The 2017 edition of NAB Show lifted off to a resounding start with its varied opening session where a nearly full house congregated in the Westgate Paradise Ballroom. No wonder this has been recognized as “one of the top-10 trade shows on planet earth.”
This year’s theme, The M.E.T. Effect (Media. Entertainment. Technology) was deftly illustrated by all of the participants during the fast-paced, running-on-time event.
None better than Jane Pauley (long-time host of CBS Sunday Morning) to serve as emcee. With over 45 years as a broadcast journalist she has most certainly seen it all.
Dave Lougee (president of Media at Tegna Inc.) gave a succinct overview of the days ahead and reminded the crowd that with over 160 countries participating, the NAB Show effect can be felt around the world.
As the event sponsor, Blackmagic Design president, Dan May, used the brief podium time to share his excitement for the rise of exclusive, original content via streaming video to a wide variety of platforms, which clearly reinforces the week’s overall theme on all three fronts.
NAB president and CEO Gordon Smith began his remarks by extolling the growth and further potential of live 4K, using Hollywood, NASA and Amazon Web Services as prime, innovative examples of taking ever-better video to its next level. To make his point in an ideal way, the huge, twin video monitors were suddenly filled with astronaut Peggy Wilson, speaking to the delighted throng from the International Space Station (her 360-degree flip to sign off left no one in doubt that without gravity, we’d all be floating or hanging on for dear life).
Smith’s formal remarks took a page from Steve Covey’s (author of The Seven Habits of Highly Effective People) notion of the three constants in life, extolling broadcasters to focus on change, choice and principles as they adapt to new opportunities and technologies.
As has been heard already during the weekend NAB Show media conferences (including Evertz, Imagine Communications and Ericsson), the advent of streaming OTT alongside the rise of IP production and delivery will fuel many of the changes in business plans for anyone in the broadcast industry: ignore them at your peril, was clearly Smith’s subtext.
As he would several times in his comments, Smith made a strong plea for television and radio stations¾as their most important choice¾to continue and/or expand local coverage so that during any major calamity¾whether caused by terrorism or Mother Nature¾the public would have access to the latest information about their particular situation¾especially if other forms of communication were down.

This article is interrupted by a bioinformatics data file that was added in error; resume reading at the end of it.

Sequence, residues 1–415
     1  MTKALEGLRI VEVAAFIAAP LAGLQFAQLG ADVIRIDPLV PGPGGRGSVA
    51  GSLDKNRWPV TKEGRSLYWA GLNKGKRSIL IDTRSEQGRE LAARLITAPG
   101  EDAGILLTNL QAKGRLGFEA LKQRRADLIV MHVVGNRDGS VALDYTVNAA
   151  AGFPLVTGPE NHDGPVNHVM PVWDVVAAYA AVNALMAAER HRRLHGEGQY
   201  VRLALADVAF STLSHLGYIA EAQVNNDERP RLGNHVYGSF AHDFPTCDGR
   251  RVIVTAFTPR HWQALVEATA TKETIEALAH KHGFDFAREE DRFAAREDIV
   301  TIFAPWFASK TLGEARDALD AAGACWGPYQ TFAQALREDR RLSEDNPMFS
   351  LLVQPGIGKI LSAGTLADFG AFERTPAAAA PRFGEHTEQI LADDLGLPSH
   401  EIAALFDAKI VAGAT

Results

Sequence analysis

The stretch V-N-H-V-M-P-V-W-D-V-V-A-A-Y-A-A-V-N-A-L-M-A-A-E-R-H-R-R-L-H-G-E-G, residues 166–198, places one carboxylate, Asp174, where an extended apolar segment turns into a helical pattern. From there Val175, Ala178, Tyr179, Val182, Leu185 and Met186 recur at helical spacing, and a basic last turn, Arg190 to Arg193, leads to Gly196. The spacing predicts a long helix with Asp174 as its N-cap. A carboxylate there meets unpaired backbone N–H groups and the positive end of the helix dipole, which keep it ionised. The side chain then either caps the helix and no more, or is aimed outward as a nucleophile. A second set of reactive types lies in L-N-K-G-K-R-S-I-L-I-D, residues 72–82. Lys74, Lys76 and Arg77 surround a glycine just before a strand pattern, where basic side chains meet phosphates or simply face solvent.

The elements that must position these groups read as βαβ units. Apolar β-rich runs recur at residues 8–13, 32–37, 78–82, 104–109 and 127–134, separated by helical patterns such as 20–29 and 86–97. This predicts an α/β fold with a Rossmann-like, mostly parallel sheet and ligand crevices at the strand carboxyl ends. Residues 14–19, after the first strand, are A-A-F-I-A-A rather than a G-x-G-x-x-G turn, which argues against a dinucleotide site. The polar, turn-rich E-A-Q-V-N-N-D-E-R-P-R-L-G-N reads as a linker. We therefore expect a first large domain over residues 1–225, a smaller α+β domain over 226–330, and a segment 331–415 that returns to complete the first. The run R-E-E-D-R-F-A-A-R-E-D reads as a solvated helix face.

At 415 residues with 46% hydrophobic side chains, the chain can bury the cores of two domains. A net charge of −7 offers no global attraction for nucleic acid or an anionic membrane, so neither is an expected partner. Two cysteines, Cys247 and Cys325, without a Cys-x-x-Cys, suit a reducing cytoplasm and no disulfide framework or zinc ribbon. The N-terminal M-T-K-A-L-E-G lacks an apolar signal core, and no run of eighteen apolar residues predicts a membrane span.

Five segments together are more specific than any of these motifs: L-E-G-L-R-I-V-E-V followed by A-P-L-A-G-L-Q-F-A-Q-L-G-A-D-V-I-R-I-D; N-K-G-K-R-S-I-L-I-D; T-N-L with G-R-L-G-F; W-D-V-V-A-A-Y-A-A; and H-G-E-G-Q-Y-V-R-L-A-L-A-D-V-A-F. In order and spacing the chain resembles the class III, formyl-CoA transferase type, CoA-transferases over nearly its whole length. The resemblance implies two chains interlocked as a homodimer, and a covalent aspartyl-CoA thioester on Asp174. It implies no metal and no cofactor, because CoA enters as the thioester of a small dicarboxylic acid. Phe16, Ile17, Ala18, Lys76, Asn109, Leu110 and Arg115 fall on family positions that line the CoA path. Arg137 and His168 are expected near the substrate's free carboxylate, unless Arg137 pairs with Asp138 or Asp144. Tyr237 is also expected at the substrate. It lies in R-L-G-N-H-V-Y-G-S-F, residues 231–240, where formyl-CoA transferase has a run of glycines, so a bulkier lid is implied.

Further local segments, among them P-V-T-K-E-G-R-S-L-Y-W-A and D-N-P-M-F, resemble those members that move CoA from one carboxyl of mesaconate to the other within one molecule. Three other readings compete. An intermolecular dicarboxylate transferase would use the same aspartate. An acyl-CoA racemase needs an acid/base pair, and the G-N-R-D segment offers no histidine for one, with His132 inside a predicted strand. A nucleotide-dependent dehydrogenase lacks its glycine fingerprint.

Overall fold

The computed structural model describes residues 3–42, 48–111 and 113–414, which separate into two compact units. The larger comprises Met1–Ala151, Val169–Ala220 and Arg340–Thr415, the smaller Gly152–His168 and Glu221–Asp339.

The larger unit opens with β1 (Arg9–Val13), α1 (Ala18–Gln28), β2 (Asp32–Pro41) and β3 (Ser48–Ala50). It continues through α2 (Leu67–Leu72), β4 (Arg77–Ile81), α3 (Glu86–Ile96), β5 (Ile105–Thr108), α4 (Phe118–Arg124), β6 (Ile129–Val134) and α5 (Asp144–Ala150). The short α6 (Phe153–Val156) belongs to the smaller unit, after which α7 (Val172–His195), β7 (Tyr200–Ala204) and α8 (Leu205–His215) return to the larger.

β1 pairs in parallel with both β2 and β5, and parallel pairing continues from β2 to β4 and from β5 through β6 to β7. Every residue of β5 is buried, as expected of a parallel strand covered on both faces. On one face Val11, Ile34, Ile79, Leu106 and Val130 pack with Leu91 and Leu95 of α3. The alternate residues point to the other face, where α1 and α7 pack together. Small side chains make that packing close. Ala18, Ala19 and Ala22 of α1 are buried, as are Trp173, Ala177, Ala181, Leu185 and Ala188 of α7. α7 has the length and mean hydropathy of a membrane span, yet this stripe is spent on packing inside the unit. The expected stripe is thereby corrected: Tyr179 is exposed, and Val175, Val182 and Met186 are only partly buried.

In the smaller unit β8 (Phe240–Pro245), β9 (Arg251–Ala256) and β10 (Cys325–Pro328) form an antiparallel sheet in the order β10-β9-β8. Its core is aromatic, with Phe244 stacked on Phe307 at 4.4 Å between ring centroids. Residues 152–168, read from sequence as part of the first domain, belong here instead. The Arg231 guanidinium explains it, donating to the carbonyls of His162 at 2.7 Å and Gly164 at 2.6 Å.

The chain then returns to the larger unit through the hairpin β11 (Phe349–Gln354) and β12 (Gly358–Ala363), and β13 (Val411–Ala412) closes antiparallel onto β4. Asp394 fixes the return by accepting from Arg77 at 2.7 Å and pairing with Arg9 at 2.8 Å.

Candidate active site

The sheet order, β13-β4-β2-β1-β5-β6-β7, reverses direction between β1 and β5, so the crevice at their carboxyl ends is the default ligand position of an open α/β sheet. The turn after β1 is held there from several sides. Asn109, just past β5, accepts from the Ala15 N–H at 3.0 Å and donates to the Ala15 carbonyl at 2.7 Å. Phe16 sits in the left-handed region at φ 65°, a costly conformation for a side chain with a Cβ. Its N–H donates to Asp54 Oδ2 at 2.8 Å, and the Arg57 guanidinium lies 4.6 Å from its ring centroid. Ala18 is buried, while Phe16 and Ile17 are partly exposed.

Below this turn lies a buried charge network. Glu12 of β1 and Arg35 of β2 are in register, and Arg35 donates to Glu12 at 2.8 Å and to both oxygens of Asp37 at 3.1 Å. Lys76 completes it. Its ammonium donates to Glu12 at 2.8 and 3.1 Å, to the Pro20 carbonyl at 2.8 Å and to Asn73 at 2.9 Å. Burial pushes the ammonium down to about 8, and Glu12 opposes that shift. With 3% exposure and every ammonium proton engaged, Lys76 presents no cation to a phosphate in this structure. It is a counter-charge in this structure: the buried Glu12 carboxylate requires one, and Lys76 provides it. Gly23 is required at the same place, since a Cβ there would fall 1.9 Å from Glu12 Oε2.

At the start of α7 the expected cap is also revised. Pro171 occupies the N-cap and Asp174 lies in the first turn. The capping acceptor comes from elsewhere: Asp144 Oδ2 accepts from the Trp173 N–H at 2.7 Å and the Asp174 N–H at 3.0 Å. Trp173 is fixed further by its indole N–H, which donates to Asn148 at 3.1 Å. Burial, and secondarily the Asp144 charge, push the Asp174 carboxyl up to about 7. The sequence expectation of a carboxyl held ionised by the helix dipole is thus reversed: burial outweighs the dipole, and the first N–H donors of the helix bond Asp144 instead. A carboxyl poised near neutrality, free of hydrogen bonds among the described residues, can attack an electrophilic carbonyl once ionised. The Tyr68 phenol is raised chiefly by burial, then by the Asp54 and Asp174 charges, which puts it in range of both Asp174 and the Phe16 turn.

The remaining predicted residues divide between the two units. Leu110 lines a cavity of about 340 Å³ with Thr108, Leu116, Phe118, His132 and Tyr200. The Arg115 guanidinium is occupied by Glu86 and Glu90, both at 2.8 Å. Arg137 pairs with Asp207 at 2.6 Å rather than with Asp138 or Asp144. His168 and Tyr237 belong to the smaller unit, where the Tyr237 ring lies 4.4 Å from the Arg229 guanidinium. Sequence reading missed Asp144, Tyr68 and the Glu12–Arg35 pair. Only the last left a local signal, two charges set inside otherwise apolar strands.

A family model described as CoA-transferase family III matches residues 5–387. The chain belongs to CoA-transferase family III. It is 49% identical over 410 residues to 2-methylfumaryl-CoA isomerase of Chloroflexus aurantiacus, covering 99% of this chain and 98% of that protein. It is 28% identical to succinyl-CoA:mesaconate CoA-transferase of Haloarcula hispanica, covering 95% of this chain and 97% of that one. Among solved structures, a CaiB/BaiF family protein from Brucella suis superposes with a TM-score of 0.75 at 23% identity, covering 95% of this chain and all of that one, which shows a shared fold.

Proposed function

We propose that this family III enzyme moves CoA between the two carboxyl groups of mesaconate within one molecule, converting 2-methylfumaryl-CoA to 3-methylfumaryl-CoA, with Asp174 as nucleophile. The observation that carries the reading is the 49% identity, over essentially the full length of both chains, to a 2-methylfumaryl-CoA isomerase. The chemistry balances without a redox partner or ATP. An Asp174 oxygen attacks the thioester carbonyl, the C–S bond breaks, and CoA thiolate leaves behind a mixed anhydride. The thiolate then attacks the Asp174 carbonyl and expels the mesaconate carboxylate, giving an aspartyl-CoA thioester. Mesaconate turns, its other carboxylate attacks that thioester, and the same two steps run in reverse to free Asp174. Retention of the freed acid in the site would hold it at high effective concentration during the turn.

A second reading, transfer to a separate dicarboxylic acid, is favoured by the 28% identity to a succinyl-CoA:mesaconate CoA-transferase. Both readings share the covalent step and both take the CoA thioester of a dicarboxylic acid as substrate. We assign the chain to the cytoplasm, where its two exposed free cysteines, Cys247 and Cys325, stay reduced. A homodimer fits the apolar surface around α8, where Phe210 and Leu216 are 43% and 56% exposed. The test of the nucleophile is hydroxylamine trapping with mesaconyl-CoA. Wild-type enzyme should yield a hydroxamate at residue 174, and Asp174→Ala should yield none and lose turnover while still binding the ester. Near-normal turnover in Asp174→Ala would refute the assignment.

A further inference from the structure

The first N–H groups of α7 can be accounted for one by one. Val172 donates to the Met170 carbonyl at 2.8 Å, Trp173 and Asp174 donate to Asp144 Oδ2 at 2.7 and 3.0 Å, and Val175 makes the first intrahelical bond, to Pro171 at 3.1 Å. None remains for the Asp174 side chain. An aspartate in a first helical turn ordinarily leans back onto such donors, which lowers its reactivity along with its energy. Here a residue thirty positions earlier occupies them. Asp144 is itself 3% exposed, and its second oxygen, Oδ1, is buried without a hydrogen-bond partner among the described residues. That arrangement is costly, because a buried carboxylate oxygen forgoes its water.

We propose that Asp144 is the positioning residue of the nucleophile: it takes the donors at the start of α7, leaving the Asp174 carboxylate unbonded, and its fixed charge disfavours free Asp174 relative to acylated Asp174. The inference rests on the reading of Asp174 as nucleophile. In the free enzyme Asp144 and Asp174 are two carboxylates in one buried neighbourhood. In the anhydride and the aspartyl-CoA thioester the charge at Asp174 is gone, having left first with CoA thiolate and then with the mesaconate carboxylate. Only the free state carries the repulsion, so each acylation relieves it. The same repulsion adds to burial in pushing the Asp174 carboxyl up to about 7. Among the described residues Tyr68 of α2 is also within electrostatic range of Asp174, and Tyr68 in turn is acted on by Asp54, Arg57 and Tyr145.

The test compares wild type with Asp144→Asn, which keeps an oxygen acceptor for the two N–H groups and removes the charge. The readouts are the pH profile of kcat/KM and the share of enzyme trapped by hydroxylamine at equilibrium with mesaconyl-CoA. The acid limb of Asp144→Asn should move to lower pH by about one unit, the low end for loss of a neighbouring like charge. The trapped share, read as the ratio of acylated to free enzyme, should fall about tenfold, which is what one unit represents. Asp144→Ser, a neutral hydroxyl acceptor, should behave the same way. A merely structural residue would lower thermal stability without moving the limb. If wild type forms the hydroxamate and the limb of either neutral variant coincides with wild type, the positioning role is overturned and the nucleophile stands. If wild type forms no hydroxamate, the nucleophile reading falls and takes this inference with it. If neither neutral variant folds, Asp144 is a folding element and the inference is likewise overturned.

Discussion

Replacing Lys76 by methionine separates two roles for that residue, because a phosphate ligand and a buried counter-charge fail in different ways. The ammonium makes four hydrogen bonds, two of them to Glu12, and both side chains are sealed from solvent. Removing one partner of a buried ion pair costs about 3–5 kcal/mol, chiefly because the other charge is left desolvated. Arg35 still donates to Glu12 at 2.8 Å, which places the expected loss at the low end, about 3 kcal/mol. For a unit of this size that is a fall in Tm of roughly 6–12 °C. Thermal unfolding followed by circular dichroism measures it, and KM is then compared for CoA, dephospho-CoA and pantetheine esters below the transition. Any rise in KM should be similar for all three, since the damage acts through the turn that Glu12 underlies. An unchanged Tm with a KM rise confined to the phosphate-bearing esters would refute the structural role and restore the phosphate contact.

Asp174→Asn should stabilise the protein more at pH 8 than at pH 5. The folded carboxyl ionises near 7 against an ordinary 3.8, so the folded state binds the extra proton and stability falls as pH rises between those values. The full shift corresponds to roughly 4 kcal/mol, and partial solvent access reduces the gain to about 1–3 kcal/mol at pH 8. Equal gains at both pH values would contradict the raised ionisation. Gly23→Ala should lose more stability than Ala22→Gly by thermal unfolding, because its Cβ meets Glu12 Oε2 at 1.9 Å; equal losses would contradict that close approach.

Not surprisingly, given the current disdain by many in the White House and Capitol Hill for the media in general and journalists in particular, the principles section focussed on defending the First Amendment and unstintingly exercising the right of the press to “root out corruption” wherever it could be proved to exist. Sobering thoughts indeed for almost everyone in the room.
The interview by Rebecca Jarvis (Chief Business, Technology and Economics Correspondent, ABC News) with Steven Swartz (President and CEO, Hearst) was a pleasant, take-no-risks chat that echoed Smith’s words on several occasions¾particularly around the need to remain local while simultaneously seeking out “adjacent businesses” that make money. Hearst’s participation with Disney in developing SnapChat was cited as an excellent way for established media companies to keep dollars and interest flowing in from the younger generation.
The final item on the agenda was this year’s presentation of NAB’s distinguished Service Award to Good Morning America’s co-hosts, David Hartman and Joan Lunden. Trailblazers on many fronts (notably Lunden’s first appearance in 1975 holding her 8-month-old baby in her arms¾one small step for woman, one giant leap for the workplace, to paraphrase Neil Armstrong’s famous line made just six years earlier), the affable couple accepted the honour with grace and yet still another “protect First Amendment” statement from Hartman.
All in all, a fine start to a busy week. Tomorrow’s speech from FCC Chairman, Ajit Pai, will be another must-see event: Will he or won’t he give any hints as to the outcome of NAB’s request for broadcasters to adopt Next Gen TV? No doubt an approval would whet Swartz’s appetite for bringing more adjacent businesses into Hearst’s fold. JWR